INFERNO stars Robert Ryan, Rhonda Fleming, and William Lundigan. I, THE JURY is a Mike Hammer film starring Preston Foster, Peggie Castle, and Margaret Sheridan; I've never heard of the leading man, Biff Elliot. I, THE JURY was shot by John Alton (THE BIG COMBO), which is reason enough for anyone to see it!

SECOND CHANCE stars Robert Mitchum, Linda Darnell, and Jack Palance; it's the only one of the three films I'll be attending which I've previously seen. It has an aerial cable car sequence which should be a lot of fun in 3-D.

All three of the films I plan to attend will be shown in "dual 35mm" prints. Other screenings, such as HONDO and DIAL M FOR MURDER, will be in digital 3-D.

Meanwhile, Southern Californians with free time this weekend may want to purchase a day pass to the Cinecon 49 festival, also being held at the Egyptian Theatre. Cinecon runs through Labor Day.

September 5th Update: The Los Angeles Times has posted an interesting story on the Expo by Susan King.

September 8th Update: And here's Leonard Maltin on the festival.

Update: Here are my reviews of I, THE JURY (1953) and INFERNO (1953). I also had a grand time seeing SECOND CHANCE (1953)!

Thursday, August 29, 2013

More Summertime in Hollywood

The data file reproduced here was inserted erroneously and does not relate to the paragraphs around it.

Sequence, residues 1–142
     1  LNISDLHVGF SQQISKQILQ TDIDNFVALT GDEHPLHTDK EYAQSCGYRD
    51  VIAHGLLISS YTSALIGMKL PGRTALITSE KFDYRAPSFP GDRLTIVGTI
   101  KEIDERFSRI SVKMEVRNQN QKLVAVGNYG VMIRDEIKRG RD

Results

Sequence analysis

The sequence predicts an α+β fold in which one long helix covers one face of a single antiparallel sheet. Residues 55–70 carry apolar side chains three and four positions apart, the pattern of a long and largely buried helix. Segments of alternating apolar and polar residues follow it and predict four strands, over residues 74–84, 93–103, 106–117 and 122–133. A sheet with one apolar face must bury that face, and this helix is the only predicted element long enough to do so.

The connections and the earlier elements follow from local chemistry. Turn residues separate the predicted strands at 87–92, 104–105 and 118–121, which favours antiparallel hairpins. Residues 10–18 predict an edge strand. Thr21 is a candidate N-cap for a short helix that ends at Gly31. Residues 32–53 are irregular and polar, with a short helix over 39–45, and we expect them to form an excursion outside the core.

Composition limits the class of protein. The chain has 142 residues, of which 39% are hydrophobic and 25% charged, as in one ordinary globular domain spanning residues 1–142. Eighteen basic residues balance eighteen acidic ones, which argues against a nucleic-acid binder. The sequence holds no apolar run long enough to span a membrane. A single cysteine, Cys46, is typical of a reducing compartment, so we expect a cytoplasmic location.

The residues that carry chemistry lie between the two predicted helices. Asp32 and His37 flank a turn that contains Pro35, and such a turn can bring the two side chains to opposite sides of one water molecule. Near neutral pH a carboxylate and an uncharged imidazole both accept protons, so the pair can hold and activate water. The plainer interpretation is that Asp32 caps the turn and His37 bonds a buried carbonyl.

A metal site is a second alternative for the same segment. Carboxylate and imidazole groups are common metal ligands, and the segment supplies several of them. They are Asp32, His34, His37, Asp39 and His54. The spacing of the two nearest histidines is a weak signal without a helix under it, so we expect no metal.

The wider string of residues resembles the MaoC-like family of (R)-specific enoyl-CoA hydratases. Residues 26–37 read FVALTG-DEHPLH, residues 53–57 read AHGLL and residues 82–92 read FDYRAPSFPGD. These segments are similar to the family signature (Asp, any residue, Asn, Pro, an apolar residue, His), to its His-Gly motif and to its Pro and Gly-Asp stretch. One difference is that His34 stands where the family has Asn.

With Labor Day Weekend just about here, signaling the traditional end of the summer season, here's another look at summertime in Hollywood!

Paramount stars Robert Preston and Susan Hayward enjoying an afternoon at the pool:


Janet Leigh looks as though she's having a good time!


The amazing George O'Brien on the tennis court:


Gene Tierney relaxing with her radio at the beach:


Just...wow. Don't you wish you'd been there? Here's Randolph Scott and Cary Grant running through the surf:


And lovely Yvonne DeCarlo at ocean's edge:


Bathing beauty Alexis Smith:


Fred MacMurray basking in the sun:


Another bathing beauty, Brenda Marshall, also known as Mrs. William Holden:


Former circus acrobat Burt Lancaster on the beach with Ava Gardner:


One-time lifeguard Ronald Reagan enjoying a swim:


And the lovely Maureen O'Hara, who I wistfully note is the only one of this group still with us in 2013:


For more photos of Hollywood stars enjoying the summer season, please visit last week's post.

Happy Labor Day Weekend!